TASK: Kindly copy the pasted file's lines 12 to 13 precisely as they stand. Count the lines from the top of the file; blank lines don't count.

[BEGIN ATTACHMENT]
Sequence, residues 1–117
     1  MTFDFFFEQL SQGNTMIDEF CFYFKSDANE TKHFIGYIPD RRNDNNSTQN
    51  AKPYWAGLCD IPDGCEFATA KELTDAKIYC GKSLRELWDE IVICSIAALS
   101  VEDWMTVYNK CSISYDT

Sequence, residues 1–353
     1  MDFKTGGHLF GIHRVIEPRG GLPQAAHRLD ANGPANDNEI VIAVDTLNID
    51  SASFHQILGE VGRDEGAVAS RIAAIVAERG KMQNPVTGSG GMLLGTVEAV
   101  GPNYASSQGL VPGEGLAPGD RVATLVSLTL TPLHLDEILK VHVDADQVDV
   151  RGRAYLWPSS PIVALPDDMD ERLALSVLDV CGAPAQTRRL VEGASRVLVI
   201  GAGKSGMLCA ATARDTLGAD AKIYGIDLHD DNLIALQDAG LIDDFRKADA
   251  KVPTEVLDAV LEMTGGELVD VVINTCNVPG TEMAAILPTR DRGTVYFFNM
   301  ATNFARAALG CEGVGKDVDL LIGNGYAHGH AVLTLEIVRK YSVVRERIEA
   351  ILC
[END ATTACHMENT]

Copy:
   301  ATNFARAALG CEGVGKDVDL LIGNGYAHGH AVLTLEIVRK YSVVRERIEA
   351  ILC